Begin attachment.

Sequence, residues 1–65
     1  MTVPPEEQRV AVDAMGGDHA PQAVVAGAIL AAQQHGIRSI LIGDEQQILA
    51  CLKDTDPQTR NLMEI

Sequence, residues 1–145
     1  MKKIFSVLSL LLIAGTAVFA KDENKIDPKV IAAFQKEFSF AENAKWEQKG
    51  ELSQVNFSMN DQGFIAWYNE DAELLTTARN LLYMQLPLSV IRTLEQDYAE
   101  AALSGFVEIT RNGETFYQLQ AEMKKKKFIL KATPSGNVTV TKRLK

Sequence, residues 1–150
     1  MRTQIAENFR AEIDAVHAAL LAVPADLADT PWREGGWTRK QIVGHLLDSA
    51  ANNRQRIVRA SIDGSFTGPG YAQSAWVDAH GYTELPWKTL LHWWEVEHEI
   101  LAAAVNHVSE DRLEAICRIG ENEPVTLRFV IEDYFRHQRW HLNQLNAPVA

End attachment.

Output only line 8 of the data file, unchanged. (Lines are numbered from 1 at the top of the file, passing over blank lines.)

Sequence, residues 1–150